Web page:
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Poll: Have you ever rejected a project for ethical reasons?
Thread poster: ProZ.com Staff

ProZ.com Staff
Local time: 01:24
SITE STAFF
Jul 7, 2015

This forum topic is for the discussion of the poll question "Have you ever rejected a project for ethical reasons?".

This poll was originally submitted by Cristina Heraud-van Tol. View the poll results »



 

Dušan Ján Hlísta  Identity Verified
Slovakia
Local time: 10:24
English to Slovak
+ ...
repetition Jul 7, 2015

this question is repeated.

 

Chris S  Identity Verified
United Kingdom
Swedish to English
+ ...
Yes Jul 7, 2015

I've always turned down texts about testing cosmetics on animals

I've sometimes accepted texts about testing medicines on animals but the more I hear about that the more I think I won't do so again


 

Carina Tschaitschmann
Austria
Local time: 10:24
Member
English to German
+ ...
Yes Jul 7, 2015

I've turned down a project about fur coats.

 

Muriel Vasconcellos  Identity Verified
United States
Local time: 01:24
Member (2003)
Spanish to English
+ ...
No Jul 7, 2015

Indeed, this question, or something similar, has come up at least twice before.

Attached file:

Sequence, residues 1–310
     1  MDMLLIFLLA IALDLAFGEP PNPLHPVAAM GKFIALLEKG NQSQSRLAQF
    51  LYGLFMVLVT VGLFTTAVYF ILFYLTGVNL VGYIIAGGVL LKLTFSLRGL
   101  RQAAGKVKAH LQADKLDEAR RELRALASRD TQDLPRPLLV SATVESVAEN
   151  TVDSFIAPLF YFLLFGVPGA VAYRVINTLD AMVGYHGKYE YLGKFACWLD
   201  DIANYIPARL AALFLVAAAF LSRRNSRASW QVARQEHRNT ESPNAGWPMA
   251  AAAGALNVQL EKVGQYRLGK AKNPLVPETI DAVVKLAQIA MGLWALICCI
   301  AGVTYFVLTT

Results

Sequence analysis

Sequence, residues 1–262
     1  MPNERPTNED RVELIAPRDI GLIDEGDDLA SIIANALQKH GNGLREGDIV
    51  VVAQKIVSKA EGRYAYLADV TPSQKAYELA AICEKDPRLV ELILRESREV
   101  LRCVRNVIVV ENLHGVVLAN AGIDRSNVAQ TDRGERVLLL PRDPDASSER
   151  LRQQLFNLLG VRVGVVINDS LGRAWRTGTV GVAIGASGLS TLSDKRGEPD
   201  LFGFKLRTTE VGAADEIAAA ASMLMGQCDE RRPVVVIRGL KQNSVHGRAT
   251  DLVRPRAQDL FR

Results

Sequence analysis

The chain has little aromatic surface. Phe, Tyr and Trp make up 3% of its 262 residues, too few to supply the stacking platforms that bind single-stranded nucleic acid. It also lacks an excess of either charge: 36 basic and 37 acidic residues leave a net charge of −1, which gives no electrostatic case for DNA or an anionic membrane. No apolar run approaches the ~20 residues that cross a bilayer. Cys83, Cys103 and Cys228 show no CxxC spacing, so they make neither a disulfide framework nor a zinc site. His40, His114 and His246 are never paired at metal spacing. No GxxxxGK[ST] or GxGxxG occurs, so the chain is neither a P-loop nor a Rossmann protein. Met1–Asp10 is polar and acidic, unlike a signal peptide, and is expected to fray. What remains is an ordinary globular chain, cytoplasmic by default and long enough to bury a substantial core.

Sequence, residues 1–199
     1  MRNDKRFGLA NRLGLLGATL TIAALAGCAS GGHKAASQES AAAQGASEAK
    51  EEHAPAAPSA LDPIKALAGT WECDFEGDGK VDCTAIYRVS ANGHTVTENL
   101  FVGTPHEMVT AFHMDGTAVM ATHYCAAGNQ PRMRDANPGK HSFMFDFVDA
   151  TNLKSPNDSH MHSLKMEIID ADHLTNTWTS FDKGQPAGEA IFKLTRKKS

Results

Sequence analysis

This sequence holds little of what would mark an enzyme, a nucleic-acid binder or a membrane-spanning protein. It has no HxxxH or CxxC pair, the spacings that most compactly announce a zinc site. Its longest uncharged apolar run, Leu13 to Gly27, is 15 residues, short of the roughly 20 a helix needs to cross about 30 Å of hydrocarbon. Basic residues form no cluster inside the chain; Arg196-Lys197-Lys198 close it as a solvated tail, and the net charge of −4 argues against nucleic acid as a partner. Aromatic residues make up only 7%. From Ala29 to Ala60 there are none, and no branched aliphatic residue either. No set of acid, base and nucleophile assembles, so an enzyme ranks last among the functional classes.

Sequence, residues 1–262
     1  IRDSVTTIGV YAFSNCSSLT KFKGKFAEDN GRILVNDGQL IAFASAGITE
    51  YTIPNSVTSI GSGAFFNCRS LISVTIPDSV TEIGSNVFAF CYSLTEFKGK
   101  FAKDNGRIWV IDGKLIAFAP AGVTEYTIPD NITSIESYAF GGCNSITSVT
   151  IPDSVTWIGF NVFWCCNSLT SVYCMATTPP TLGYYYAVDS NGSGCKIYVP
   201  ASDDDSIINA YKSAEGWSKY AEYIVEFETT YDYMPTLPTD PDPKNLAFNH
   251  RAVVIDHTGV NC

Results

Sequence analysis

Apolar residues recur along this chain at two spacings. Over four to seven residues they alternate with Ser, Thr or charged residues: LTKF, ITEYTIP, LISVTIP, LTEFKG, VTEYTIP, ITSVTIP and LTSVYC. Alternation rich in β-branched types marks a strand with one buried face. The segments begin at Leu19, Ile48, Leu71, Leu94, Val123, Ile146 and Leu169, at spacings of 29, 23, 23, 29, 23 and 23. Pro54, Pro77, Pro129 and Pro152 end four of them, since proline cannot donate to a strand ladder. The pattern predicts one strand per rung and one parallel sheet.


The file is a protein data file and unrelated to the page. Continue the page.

I've never been faced with a serious challenge to my ethical standards. I once translated a speech by Fidel Castro. I saw that as an interesting challenge because of his flowery language. Cuba has always been a member of the World Health Organization, where I worked for most of my career; in the course of doing our job it never crossed anyone's mind to question the politics of a particular member government.

I once did a long manual on training drug company reps to persuade doctors to prescribe their products. I didn't realize until I was deep into the project that some of the tactics were pretty shady by my standards. I felt uncomfortable, but I learned a lot, too. The project paid well; I'm not sure I would have turned it down if I had known the whole story from the beginning.

[Edited at 2015-07-07 08:59 GMT]


 

Jennifer Forbes  Identity Verified
Local time: 09:24
Member (2006)
French to English
+ ...
Yes, once Jul 7, 2015

This topic has been discussed here many times.
Many years ago I did decline a translation (transcription of a badly recorded tape in African French about female circumcision). I had to play the tape over and over again because it was so inaudible. The description was distressing and the practitioner so apparently pleased with himself.
Here's a point: although the subject matter of many texts may well be appalling, it could sometimes be necessary for them to be translated so that prosecutors/ authorities/ the police etc. can find out what's going on in order to take action against it.